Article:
ICE deports convicted Russian spy
CLEVELAND – A former New York-area banker, who was convicted in federal court of conspiring to act in the United States as an agent of the Russian Federation, was removed to Moscow Wednesday, by U.S. Immigration and Customs Enforcement (ICE) Enforcement and Removal Operations (ERO).
Evgeny Buryakov, aka Zhenya, 42, formerly of the New York area, was repatriated on board commercial flights, escorted by Cleveland-based ERO deportation officers and turned over to Russian authorities.
In March 2016, Buryako pleaded guilty to conspiring to work covertly as a Russian agent in the United States without notifying the Attorney General, paving the way for his deportation. As part of his plea agreement, he relinquished all claims to status in the United States, and agreed to enter ICE custody at the conclusion of his federal prison term. Buryako was turned over to ICE March 31, after his release from the Federal Bureau of Prisons in Elkton, Indiana.
According to evidence presented in federal court proceedings, Buryakov worked in the United States for almost four years as an agent of Russia’s foreign intelligence agency, known as the SVR. Buryakov operated under non-official cover, meaning he entered and remained in the United States as a private citizen, posing as an employee in the New York office of a Russian bank, Vnesheconombank (VEB). SVR agents operating under such non-official cover (NOCs) are typically subject to less scrutiny by the host government and, in many cases, are never identified as intelligence agents by the host government.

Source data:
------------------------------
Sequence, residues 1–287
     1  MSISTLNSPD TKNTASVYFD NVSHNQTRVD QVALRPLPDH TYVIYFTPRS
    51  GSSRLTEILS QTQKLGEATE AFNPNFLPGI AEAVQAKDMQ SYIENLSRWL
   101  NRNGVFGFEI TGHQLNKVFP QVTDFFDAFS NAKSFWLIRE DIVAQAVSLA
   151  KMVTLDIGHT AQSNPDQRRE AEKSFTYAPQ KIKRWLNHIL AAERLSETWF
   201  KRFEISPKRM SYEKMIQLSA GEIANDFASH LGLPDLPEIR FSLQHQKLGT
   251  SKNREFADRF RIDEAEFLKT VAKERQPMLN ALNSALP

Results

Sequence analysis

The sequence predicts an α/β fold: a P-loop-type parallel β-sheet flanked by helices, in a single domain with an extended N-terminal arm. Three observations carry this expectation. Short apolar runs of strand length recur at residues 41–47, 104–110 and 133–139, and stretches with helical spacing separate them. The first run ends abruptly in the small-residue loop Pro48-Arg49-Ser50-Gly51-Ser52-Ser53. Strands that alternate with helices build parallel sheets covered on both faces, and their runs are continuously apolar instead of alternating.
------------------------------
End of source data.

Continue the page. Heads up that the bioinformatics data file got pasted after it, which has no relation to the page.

Federal law strictly prohibits individuals from acting as agents of foreign governments within the United States without prior notification to the United States Attorney General. Department of Justice records indicate that Buryakov never notified the United States Attorney General that he was, in fact, an agent of the Russian Federation.
In fiscal year 2016, ICE conducted 240,255 removals nationwide. Ninety-two percent of individuals removed from the interior of the United States had previously been convicted of a criminal offense.